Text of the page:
Moore looks at two aspects of Revelation he feels has been neglected by previous commentators: the animality of Christ and the huge, fairly desolate New Jerusalem. Largely basing his examination around Derrida’s The Beast and the Sovereign, Moore explores the similar, yet contrasting natures of the Lamb and the Beast. Bestiality’s traditional association with political despotism, on one level, explains why John personified the Roman empire as an animal-like figure. But, it also raises the question, why is the Lamb, simultaneously an animal and symbol of the divine, assigned to embody Christ? Moore draws on Derrida to conclude that Revelation presents a hybrid view of animality. The two beasts, divine and evil, behave as humans expect animals to behave- by remaining mute. However, they both carry significant metaphorical connotations (the Beast as absolute evil and the Lamb as absolute divinity), illustrating Revelation’s dual view of animality.
Moore then addresses other instances of evil and divinity in Revelation that are directly related to the respective beasts. Human savagery is simultaneously present in the Beast and the personification of Babylon, who physically rides on the Beast’s back. Both figures are closely connected, almost morphing into one evil being. The Lamb also corresponds with a human figure. The virtuous woman is closely related to the divine animal. However, her connection runs deeper, as she is referred to as the bride of the Lamb. Moore points out that Revelation transforms the bride into the New Jerusalem, equating the good woman with the good city and the good woman with the good people of God. However, Moore questions the “goodness” of the new city when it is described as essentially empty, with the exception of the river, the tree of life, and the Lamb. Again, he states that while eco-commentators have addressed the river and the tree in the walls of the city, they have rarely tackled the unfathomable size of the New Jerusalem. Moore admits that the sheer size is used to convey power, authority, and sovereignty, but the description presents a dystopian environment devoid of life, similar to a dead megamall. And the Lamb, as the sole living creature within the dead environment, is again part of the duality (or contradiction) of Revelation. Questioning the place of animals in the New Jerusalem, Moore metaphorically relates the unworthy humans to dogs, cast out of the city because of the dirtiness and base desires.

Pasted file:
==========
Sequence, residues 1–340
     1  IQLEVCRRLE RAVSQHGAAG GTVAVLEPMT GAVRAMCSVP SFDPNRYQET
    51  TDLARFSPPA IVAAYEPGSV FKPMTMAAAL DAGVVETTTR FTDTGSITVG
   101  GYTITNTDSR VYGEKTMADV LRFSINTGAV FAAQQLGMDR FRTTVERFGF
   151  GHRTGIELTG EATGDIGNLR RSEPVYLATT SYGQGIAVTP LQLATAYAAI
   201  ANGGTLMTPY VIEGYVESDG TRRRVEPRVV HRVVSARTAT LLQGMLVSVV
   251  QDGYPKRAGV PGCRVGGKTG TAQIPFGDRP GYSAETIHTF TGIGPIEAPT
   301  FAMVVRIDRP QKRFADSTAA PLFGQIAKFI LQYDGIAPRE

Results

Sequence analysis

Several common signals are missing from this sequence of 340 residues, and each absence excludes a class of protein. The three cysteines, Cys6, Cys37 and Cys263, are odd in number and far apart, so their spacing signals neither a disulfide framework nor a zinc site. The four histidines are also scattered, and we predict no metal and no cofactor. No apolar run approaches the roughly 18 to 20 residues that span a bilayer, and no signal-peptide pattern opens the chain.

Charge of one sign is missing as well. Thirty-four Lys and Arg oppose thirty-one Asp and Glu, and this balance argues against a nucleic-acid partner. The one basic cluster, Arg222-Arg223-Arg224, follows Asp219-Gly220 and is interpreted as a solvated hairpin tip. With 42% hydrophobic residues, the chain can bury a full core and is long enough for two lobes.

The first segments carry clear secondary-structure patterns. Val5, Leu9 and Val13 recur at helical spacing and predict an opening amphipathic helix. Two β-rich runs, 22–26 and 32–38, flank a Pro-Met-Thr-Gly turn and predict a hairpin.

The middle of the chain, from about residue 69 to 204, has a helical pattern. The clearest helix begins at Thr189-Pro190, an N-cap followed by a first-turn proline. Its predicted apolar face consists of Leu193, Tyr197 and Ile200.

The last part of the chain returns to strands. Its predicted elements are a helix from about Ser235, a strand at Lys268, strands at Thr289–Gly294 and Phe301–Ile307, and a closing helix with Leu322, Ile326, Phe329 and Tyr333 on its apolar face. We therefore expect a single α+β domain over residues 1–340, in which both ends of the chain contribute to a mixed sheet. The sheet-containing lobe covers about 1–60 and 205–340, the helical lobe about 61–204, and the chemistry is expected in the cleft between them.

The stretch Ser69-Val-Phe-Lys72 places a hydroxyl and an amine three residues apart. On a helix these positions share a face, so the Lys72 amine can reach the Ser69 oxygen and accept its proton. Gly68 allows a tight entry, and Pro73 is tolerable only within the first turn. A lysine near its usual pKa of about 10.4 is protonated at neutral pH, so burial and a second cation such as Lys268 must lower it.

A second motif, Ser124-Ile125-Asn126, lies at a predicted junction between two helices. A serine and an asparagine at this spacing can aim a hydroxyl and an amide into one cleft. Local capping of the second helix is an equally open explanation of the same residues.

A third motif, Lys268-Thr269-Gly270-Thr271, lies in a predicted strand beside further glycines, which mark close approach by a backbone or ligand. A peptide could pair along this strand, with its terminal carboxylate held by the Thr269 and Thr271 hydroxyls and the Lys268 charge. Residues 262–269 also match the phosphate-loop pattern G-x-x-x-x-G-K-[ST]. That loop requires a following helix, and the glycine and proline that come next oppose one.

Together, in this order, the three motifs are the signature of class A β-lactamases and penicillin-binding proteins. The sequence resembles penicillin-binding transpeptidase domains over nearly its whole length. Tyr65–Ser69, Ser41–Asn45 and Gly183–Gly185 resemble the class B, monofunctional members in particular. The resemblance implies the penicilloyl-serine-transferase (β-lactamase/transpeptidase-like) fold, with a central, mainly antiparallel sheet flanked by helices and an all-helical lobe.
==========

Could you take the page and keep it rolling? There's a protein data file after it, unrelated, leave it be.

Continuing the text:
Moore concludes that the lone presence of the Lamb in the New Jerusalem signifies that humans now exist to serve animals, instead of the reverse that is often assumed by humans (especially those living today). Christ takes the throne in the heavenly city as an animal, the only form in which he is worshipped by humans, demonstrating that, in Revelation, the ultimate form of divinity is the animal Christ.